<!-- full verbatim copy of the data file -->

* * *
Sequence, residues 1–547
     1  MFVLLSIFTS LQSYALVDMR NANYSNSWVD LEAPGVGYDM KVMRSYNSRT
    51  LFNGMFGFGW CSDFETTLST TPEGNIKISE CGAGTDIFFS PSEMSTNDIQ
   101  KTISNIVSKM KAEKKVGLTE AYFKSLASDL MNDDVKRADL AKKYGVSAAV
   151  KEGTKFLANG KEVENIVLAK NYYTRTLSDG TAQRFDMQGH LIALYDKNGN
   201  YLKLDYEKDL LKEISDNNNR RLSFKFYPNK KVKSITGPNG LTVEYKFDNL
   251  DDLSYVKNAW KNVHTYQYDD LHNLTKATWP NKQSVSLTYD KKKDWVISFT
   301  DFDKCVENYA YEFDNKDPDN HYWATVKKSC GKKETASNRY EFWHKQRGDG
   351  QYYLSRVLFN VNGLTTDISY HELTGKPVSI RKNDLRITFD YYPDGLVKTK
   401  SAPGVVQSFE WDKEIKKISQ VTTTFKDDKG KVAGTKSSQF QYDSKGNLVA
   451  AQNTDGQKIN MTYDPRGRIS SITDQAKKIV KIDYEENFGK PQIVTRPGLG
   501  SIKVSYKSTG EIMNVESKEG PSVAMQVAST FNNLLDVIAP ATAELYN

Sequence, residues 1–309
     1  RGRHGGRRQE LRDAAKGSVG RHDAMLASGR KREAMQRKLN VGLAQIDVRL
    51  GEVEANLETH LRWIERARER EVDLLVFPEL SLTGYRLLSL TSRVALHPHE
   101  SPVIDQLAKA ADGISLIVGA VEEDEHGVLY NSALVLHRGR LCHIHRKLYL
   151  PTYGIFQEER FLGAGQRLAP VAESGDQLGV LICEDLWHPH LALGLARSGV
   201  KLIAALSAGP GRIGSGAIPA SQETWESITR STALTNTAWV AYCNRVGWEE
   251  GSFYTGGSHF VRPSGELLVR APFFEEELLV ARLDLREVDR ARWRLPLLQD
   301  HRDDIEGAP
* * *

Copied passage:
Sequence, residues 1–547
     1  MFVLLSIFTS LQSYALVDMR NANYSNSWVD LEAPGVGYDM KVMRSYNSRT
    51  LFNGMFGFGW CSDFETTLST TPEGNIKISE CGAGTDIFFS PSEMSTNDIQ
   101  KTISNIVSKM KAEKKVGLTE AYFKSLASDL MNDDVKRADL AKKYGVSAAV
   151  KEGTKFLANG KEVENIVLAK NYYTRTLSDG TAQRFDMQGH LIALYDKNGN
   201  YLKLDYEKDL LKEISDNNNR RLSFKFYPNK KVKSITGPNG LTVEYKFDNL
   251  DDLSYVKNAW KNVHTYQYDD LHNLTKATWP NKQSVSLTYD KKKDWVISFT
   301  DFDKCVENYA YEFDNKDPDN HYWATVKKSC GKKETASNRY EFWHKQRGDG
   351  QYYLSRVLFN VNGLTTDISY HELTGKPVSI RKNDLRITFD YYPDGLVKTK
   401  SAPGVVQSFE WDKEIKKISQ VTTTFKDDKG KVAGTKSSQF QYDSKGNLVA
   451  AQNTDGQKIN MTYDPRGRIS SITDQAKKIV KIDYEENFGK PQIVTRPGLG
   501  SIKVSYKSTG EIMNVESKEG PSVAMQVAST FNNLLDVIAP ATAELYN

Sequence, residues 1–309
     1  RGRHGGRRQE LRDAAKGSVG RHDAMLASGR KREAMQRKLN VGLAQIDVRL
    51  GEVEANLETH LRWIERARER EVDLLVFPEL SLTGYRLLSL TSRVALHPHE
   101  SPVIDQLAKA ADGISLIVGA VEEDEHGVLY NSALVLHRGR LCHIHRKLYL
   151  PTYGIFQEER FLGAGQRLAP VAESGDQLGV LICEDLWHPH LALGLARSGV
   201  KLIAALSAGP GRIGSGAIPA SQETWESITR STALTNTAWV AYCNRVGWEE
   251  GSFYTGGSHF VRPSGELLVR APFFEEELLV ARLDLREVDR ARWRLPLLQD
   301  HRDDIEGAP